My travels over the past two weeks have ultimately taken me to Florida where I’ll be staying for awhile to spend time with my dad. It’s the latest in many, many visits, which I mention only because that means I have gotten to know many of Dad’s friends over the years, too. In fact, I’ve gotten to know a handful of them very well, so that I actually seek them out once I get here to be sure I have the opportunity to spend some time with them.
One such friend is a gentleman I’ll call Jim, who lives next door to Dad. A retired lawyer, Jim has now become a Eucharistic Minister who calls on many sick people and leads services on a Sunday morning. He is well-respected and admired by so many, a man who balances his sense of fairness with his religion and spirituality. He puts a great deal of effort into making sure that anyone who would like to attend his services, regardless of their religious affiliation, is welcome to do so.
The three of us enjoyed brunch together today, and as it frequently does, the conversation turned to how life experiences were affected by our spirituality, the meshing (or repelling) of religion and politics, other people’s experiences as seen through a spiritual lens, and more…. Since Dad and Jim both live in a senior transitional-type community, where friends are often undergoing medical treatment, and where too many friends pass away, some of the discussion centered on healthcare and spirituality.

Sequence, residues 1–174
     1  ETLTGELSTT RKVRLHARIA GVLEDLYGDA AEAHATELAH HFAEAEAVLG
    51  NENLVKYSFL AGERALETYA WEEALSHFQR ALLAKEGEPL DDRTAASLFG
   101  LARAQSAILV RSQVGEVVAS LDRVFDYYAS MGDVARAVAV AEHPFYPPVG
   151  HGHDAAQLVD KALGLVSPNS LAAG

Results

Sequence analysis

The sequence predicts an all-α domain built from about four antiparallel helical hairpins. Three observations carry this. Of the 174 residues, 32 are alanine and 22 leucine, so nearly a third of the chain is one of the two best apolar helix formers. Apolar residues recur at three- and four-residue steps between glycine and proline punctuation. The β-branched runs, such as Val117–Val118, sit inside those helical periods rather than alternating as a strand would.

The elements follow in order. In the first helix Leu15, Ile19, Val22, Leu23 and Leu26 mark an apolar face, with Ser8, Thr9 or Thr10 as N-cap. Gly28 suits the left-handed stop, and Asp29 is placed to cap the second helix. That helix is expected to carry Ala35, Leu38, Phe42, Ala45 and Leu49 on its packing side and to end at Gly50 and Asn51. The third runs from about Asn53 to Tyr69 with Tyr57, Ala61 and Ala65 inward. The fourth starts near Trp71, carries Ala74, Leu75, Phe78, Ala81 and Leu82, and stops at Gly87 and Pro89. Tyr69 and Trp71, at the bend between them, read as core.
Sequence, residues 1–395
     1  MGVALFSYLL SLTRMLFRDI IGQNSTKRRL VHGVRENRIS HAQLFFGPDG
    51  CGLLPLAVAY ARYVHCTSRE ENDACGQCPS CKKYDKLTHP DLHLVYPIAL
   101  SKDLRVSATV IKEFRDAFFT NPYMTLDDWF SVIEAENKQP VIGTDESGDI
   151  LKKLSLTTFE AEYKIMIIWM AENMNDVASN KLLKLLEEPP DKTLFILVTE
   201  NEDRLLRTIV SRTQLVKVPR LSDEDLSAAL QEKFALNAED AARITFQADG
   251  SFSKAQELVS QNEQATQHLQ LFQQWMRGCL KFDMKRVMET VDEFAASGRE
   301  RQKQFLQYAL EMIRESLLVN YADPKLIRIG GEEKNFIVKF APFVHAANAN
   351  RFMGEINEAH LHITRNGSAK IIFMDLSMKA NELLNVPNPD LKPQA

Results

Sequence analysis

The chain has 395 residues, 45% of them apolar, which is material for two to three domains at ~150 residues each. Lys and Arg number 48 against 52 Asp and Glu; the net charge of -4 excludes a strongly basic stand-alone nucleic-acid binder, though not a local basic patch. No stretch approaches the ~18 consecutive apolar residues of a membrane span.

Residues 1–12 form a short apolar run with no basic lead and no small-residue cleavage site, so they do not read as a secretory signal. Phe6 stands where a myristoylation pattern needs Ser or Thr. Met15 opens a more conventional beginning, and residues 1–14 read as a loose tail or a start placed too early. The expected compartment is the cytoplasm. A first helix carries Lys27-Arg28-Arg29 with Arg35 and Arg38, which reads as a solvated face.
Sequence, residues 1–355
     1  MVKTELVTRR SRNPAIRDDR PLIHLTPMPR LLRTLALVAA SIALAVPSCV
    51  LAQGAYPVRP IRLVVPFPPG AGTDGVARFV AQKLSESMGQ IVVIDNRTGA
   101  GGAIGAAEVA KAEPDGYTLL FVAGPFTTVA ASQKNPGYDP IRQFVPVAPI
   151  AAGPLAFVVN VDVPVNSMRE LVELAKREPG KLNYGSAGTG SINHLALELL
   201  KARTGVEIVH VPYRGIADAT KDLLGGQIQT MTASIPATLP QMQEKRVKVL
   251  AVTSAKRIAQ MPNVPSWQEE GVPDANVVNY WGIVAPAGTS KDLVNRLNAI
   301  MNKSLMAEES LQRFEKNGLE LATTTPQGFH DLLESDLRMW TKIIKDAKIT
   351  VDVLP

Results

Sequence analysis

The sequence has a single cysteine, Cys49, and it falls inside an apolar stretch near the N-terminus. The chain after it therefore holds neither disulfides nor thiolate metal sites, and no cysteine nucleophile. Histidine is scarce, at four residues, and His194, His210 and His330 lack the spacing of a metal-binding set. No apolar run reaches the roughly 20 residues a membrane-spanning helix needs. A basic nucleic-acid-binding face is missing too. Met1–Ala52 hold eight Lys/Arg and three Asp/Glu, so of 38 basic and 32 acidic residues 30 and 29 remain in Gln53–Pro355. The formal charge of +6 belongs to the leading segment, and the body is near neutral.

Midway through this morning’s conversation I realized (duh!) that perhaps spirituality is a topic advocates should be addressing with their clients. Considering the tendency of most human beings, whether or not they are religious (part of a specific religion), to turn to prayer and pastoral support when they are faced with a health crisis (their own, or a loved one’s), it seems that at least discussing spiritual needs with clients could be useful in at least three ways: